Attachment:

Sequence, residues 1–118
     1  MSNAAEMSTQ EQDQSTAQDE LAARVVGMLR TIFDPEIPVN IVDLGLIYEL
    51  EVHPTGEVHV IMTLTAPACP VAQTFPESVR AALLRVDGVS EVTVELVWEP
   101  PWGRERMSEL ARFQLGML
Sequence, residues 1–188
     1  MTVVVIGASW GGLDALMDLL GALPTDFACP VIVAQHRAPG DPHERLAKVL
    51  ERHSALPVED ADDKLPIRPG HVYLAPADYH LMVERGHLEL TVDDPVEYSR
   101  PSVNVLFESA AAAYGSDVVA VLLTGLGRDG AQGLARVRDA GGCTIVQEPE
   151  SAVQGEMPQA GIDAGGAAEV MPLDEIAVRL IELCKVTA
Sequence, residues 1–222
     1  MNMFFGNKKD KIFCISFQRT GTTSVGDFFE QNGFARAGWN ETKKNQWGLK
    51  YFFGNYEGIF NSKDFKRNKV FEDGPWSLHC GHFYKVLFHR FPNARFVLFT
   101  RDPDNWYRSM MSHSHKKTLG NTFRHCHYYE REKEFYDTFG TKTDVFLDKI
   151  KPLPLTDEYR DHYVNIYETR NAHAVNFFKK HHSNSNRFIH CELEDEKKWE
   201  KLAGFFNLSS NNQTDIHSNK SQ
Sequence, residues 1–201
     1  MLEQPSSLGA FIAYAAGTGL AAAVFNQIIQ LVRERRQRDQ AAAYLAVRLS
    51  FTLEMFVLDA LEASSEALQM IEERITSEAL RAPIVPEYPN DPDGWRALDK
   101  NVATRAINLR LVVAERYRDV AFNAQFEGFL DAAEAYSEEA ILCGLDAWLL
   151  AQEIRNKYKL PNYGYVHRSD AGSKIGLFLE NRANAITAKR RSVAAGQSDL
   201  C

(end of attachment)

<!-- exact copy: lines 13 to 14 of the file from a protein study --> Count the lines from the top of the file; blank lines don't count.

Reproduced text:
   101  RDPDNWYRSM MSHSHKKTLG NTFRHCHYYE REKEFYDTFG TKTDVFLDKI
   151  KPLPLTDEYR DHYVNIYETR NAHAVNFFKK HHSNSNRFIH CELEDEKKWE